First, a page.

Photo films, unlike digital sensors, do not self-adjust when encountering different lighting situations. Photo films are made to be exposed under specific lighting situations. In the heyday of color film usage, films were harmonized for use in daylight or under studio tungsten or home movie tungsten or flash bulb. There were other specialized emulsions also. Often, we had the wrong film loaded or the lighting we encountered was irregular. We resorted to mounting filters that matched our films to the light source. These are known a conversion filters or light balancing filters.
These filters are generally warming filters (salmon color) or cooling (bluish in color). They are designated using a catalog system devised by Frederic Wratten. Kodak acquired his shop in 1906. Color balancing jargon of photo film is uses the Kelvin Temperature scale and allocates the hue (coloration) of a glowing object with its actual temperature. The scientist who specialize in this trade favor the Kelvin temperature scale which is the Celsius scale starting at absolute zero = -273C°. Such a scale is void of negative numbers that otherwise can confuse. This scale is also favored by metallurgies who design the incandescent lamps that were used in photographic studios.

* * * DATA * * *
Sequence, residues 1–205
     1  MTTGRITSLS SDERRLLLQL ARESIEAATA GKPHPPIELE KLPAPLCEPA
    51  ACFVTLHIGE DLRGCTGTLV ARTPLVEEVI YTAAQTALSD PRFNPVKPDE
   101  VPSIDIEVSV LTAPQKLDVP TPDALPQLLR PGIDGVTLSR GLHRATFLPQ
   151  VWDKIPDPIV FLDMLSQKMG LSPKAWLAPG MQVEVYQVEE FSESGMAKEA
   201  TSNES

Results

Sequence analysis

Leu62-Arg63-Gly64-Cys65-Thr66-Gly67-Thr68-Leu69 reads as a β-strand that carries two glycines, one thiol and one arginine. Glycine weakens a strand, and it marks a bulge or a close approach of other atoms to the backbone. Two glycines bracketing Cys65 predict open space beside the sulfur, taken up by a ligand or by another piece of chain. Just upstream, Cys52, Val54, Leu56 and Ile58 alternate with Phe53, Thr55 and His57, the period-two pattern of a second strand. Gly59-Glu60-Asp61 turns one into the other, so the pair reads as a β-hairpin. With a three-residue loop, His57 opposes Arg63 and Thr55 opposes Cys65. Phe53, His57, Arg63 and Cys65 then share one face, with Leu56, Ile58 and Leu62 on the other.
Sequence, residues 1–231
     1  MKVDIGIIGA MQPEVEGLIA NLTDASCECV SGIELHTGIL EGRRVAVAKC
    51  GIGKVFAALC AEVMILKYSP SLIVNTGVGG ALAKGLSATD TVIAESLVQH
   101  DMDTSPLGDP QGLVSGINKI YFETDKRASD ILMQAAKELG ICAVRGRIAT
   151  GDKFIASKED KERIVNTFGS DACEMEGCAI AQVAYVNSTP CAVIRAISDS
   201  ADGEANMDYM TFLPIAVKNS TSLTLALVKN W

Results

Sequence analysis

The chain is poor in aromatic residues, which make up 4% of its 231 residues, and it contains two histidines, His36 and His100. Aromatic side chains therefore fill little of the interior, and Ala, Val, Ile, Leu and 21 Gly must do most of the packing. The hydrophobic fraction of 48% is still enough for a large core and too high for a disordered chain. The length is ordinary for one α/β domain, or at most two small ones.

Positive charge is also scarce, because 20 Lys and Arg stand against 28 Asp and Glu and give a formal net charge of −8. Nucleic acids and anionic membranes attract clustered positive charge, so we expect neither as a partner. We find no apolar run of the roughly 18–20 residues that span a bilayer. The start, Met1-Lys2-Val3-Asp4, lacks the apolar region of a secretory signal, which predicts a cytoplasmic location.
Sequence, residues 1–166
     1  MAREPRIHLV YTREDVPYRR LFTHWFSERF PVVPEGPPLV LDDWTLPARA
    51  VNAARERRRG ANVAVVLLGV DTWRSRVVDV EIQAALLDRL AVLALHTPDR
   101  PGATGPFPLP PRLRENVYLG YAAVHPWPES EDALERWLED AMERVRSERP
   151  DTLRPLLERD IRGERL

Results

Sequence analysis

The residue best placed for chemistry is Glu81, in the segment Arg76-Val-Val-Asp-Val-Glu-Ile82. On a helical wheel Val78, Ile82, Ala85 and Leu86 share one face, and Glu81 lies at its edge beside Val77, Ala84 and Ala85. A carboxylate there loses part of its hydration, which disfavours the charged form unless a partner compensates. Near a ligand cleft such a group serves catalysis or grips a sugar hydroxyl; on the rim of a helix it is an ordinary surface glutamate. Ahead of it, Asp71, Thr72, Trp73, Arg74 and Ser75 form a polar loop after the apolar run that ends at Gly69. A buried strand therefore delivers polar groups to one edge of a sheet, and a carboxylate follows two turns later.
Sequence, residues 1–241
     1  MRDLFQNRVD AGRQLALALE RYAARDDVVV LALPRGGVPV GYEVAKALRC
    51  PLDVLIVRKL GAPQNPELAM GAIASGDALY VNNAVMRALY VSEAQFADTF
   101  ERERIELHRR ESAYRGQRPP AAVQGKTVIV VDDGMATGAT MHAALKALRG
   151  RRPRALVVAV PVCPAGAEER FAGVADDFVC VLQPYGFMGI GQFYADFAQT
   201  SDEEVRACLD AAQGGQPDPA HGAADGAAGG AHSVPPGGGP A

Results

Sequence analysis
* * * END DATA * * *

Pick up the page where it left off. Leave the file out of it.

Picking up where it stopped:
Some common luminous sources:
Standard Candle = 1930K
Carbon filament light bulb standard candle 2080K
40 watt general service light bulb 2650K
100 watt general service light bulb 2900K
500 watt photo lamp 3200K
500 watt movie flood lamp 3400K
Clear flash bulb 3800K
Zirconium flash bulb 4200K
Carbon arc movie light 5000K
Photographic daylight 5500K
Skylight 12000K thru 18000K
Conversion Filters Wratten Catalog
80A blueish 3200K to 5500K
80B blueish 3400K to 5500K
80C blueish 3800K to 5500K
80D blueish 4200K to 5500K
80C salmon 5500k to 3800K
85 salmon 5500K to 3400K
85B salmon 5500K to 3200K
Today, most color films are balanced to be exposed under daylight conditions. Thus they are labeled as Daylight 5500K. Most studio strobe (electronic flash) output daylight 5500K thus no filter is generally required.
As to black & white films:
As you know, black & white films have a published ISO speed. This speed is usually the film’s response under daylight conditions. If exposed under tungsten conditions, the exposing light is ruddy and deficient in blue. This will induce a speed loss. As a rule of thumb, unless you are doing scientific testing, you can usually disregard these ISO changes as they are likely well within the latitude of the film.